It remains the case, though, that the majority of the money invested in making transhumanism a reality comes from rich, white men. As the descendants of a species with a tendency to exploit the downtrodden, any posthumans must guard against replicating those same biases in a new society. For some, potentially in the near future, death might become optional. For others, death will remain inevitable.

Sanjana Varghese, The first men to conquer death will create a new social order – a terrifying one

“Stories as a salve and an opiate”

Rapturous longings start with the powerless and spread outward like a virus: despair leads to denial and fantasy, to an attitude of “I’ll just wait this out”. In response to a dark new reality, the weary go underground, retreating into homes, hiding behind screens, using stories as a salve and an opiate. They become watchful, delirious, stunned and effectively paralysed as they wait, refugees in their own land. They eat cake, go to sleep, and hope to wake up in a better reality.

Dina Nayeri, Yearning for the end of the world

“Fiction can fly under the radar of those who would manipulate the past”

But why fictionalise this history? Surely what we need in the age of “post-truth” is a bit of good old-fashioned truth? For one, fiction can fly under the radar of those who would manipulate the past (for non-fictional ends); it comes out with its hands up, confessing its falsity.

More importantly, fiction sidesteps identity politics – that monstrous but inevitable byproduct of “free” news. When the news is “free” what’s really on sale is us, the audience (to the advertisers), and for that sale to work, our demographic identity has to be tied, predictably, to all our behaviour; not just our purchasing habits but our affiliations and sympathies. Fiction is one of the few things that allows us to completely uncouple our sympathies from our sense of personal identity. We can sympathise with those we don’t identify with; we can connect with the unfamiliar, we can take the other’s side.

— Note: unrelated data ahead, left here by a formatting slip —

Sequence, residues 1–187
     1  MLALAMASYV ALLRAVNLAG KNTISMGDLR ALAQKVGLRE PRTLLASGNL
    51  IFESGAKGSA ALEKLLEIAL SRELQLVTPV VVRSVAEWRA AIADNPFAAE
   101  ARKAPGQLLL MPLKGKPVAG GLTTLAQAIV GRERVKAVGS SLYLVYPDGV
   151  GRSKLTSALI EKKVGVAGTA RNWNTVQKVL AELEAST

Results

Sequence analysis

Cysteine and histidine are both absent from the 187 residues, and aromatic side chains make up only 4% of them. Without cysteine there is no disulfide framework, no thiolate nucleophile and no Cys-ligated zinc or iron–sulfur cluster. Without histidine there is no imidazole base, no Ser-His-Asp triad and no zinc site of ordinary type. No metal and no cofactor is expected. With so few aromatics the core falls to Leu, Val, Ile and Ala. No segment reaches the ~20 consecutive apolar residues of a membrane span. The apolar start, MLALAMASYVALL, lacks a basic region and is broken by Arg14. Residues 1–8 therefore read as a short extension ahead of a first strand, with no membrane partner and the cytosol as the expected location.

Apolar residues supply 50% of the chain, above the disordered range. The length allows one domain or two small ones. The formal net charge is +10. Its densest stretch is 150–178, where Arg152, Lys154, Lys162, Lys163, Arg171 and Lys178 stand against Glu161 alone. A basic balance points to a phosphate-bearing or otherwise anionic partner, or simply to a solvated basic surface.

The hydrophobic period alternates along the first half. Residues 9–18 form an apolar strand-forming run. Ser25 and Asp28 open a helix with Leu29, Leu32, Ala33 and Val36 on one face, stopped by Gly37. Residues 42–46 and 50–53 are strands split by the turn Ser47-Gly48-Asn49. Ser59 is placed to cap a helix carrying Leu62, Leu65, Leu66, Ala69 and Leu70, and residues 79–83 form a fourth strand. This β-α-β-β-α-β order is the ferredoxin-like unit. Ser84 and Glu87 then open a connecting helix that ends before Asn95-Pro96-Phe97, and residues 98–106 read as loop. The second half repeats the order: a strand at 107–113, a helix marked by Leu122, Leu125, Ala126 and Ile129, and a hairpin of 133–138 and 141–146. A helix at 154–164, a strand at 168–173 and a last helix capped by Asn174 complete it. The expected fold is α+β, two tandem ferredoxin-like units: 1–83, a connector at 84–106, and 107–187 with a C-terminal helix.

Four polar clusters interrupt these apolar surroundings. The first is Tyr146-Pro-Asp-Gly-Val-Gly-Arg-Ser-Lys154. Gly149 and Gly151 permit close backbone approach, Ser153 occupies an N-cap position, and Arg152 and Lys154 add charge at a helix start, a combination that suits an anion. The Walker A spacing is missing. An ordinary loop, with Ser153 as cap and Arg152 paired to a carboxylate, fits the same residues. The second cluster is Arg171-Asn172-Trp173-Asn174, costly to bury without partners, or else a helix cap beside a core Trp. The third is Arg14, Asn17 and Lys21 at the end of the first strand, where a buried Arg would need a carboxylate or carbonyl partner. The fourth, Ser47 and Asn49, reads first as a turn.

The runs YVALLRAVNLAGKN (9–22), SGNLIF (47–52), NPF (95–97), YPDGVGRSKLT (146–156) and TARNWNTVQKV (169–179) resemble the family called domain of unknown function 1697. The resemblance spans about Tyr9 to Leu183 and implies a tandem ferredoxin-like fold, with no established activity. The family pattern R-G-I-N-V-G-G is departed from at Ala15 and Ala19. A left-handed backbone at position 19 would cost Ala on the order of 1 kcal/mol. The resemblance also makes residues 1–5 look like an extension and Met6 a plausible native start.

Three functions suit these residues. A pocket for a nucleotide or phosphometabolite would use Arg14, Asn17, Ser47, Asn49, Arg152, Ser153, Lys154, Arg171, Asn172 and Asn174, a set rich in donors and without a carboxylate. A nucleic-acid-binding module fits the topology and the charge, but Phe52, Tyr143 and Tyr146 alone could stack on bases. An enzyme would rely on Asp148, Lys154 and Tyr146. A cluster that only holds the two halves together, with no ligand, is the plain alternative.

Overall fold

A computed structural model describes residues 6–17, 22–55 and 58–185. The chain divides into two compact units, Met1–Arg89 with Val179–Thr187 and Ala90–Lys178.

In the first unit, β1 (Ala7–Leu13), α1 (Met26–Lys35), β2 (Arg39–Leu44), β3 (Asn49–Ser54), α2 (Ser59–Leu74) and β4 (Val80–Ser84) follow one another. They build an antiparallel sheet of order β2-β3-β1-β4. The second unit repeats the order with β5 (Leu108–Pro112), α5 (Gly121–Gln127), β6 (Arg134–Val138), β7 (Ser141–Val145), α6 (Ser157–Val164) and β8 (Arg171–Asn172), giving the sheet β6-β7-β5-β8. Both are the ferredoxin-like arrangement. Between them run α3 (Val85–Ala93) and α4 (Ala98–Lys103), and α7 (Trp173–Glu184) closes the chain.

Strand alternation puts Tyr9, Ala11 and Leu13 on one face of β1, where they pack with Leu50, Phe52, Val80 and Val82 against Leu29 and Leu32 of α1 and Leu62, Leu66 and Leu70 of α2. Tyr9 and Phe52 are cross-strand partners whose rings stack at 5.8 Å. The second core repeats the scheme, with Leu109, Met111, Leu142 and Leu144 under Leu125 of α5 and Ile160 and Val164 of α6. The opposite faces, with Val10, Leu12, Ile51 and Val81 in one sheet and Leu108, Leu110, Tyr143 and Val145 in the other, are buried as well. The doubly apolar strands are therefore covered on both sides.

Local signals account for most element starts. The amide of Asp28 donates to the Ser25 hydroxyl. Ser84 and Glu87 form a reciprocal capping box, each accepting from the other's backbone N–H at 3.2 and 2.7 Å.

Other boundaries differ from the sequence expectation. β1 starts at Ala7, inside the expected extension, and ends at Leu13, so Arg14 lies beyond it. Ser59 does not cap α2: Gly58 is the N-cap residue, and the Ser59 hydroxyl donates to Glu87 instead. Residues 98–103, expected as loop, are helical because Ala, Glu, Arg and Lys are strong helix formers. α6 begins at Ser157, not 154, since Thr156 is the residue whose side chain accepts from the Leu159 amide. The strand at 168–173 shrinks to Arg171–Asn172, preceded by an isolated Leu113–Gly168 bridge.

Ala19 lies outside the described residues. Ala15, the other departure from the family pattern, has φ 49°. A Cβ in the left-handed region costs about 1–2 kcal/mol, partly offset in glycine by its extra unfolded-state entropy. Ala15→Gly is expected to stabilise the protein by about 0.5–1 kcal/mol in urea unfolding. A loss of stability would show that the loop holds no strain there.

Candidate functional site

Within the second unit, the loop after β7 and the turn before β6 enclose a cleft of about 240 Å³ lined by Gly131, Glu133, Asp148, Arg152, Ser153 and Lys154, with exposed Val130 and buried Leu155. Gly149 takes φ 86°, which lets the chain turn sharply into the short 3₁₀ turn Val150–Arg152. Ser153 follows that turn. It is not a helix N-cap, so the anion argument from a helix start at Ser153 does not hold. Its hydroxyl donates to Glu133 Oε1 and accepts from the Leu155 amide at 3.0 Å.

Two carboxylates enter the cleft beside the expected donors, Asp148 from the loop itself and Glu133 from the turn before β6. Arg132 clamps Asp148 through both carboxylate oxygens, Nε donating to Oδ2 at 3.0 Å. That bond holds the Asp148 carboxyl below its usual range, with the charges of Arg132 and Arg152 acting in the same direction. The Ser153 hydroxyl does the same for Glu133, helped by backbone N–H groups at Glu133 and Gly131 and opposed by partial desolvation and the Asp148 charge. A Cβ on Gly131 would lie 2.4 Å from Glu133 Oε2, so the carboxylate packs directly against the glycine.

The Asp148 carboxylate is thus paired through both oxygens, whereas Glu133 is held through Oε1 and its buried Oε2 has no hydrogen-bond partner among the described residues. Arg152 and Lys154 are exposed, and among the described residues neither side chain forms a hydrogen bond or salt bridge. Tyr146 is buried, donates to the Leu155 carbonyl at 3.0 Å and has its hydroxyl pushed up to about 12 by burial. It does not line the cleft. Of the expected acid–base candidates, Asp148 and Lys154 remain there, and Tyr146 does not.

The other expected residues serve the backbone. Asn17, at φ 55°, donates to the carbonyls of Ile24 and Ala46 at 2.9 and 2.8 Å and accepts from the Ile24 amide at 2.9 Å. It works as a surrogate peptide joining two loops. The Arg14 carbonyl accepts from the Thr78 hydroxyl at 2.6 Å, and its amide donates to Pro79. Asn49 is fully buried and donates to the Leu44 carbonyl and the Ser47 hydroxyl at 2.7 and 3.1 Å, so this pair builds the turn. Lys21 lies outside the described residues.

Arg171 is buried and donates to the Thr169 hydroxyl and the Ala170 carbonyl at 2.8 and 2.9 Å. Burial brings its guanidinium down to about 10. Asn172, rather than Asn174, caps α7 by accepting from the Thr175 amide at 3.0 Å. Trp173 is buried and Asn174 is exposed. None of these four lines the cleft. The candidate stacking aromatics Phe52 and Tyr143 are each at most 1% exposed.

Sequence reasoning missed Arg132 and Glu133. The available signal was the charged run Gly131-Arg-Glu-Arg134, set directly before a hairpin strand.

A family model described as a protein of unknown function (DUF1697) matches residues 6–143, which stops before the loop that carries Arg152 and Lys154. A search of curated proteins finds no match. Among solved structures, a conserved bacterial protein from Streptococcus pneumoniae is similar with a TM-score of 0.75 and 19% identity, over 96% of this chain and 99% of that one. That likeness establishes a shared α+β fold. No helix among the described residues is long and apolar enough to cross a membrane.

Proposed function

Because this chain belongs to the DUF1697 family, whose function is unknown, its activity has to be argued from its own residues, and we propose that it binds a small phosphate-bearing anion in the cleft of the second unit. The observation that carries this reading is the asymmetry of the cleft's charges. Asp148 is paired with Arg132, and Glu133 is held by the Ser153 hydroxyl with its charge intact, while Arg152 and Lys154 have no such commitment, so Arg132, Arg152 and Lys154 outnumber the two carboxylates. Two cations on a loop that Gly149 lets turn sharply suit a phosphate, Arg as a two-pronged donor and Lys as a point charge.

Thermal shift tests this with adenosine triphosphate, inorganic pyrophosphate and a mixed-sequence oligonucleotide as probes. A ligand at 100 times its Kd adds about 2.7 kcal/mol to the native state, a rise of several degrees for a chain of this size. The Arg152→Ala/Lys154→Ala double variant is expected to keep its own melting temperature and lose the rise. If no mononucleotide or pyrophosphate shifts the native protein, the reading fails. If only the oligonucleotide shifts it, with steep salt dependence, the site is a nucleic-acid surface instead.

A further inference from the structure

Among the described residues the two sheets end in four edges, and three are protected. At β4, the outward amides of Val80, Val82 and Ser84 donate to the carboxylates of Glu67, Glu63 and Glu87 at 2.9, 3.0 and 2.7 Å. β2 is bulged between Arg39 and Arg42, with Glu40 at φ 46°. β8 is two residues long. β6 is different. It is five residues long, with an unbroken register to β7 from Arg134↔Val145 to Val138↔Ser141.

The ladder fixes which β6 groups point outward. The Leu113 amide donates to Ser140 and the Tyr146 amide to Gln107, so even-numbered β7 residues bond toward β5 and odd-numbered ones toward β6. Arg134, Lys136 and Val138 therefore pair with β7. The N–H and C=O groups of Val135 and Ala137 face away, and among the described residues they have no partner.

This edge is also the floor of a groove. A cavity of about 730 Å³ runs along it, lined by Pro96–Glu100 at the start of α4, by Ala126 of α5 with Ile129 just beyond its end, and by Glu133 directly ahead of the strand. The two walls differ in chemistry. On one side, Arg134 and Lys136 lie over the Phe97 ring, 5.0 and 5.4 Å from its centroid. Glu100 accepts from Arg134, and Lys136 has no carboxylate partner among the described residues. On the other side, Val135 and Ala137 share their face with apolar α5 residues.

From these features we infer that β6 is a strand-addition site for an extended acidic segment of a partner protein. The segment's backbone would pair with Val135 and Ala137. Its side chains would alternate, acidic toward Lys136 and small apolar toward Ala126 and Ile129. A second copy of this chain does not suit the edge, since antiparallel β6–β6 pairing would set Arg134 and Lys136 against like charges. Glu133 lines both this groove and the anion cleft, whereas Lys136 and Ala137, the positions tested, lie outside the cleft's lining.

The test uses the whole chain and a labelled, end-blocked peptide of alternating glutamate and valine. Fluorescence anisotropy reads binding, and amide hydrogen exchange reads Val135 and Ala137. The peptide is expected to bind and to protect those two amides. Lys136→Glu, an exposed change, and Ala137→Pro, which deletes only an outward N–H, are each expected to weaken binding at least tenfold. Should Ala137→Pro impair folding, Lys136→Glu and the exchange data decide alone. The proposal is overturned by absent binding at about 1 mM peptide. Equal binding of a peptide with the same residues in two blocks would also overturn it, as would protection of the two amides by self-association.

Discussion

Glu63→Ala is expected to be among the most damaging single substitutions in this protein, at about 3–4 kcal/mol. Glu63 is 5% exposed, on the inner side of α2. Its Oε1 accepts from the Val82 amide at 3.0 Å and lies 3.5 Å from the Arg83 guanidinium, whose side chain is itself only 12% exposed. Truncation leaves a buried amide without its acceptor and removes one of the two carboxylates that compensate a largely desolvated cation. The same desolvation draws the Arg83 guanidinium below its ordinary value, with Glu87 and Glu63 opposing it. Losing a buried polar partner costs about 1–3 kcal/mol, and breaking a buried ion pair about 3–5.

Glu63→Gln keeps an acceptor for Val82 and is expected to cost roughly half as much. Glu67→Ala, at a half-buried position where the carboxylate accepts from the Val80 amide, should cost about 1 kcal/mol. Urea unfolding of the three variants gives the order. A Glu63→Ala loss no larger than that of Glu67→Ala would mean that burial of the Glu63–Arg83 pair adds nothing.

Ra Page, on Protest: Stories of Resistance

“The writing life is full of contradictions. It depends on hours at a desk, but requires the author to be connected to the world”

The second trick is to leave the house. The writing life is full of contradictions. It depends on hours at a desk, but requires the author to be connected to the world. Setting out into the day like a useful member of society, helps.

The writing itself is hard to relate. It is a process of adding and taking away; deep thought and waking dreams; hard technical graft and the occasional leap of realisation. I drink lots of tea, chew gum and occasionally stand up and stretch. When I feel stuck, I put my head on the desk and try to reach that place between dreams and awareness, where the unconscious lives.

Louise Welsh, My writing day

“Fantasy, like realism, is a tool for describing the world”

Whitehead said that landing the £2,017 prize – the winnings are adjusted annually to match the year – was wonderful, and that The Underground Railroad “could not exist without the toolkit of fantastic literature”. A Guardian review of the novel said that “it’s as if he’s attempting to cram as many genres into one novel as possible, with science fiction meeting fantasy and a picaresque adventure tale, all against the backdrop of a reimagined 19th-century America”.

“Way back when I was 10 years old, it was science fiction and fantasy that made me want to be a writer,” said Whitehead, whose previous novel Zone One featured zombies. “If you were a writer, you could work from home, you didn’t have to talk to anybody, and you could just make up stuff all day. Stuff about robots and maybe zombies and maybe even miraculous railway lines. Fantasy, like realism, is a tool for describing the world.”

Colson Whitehead adds Arthur C Clarke award to growing prize haul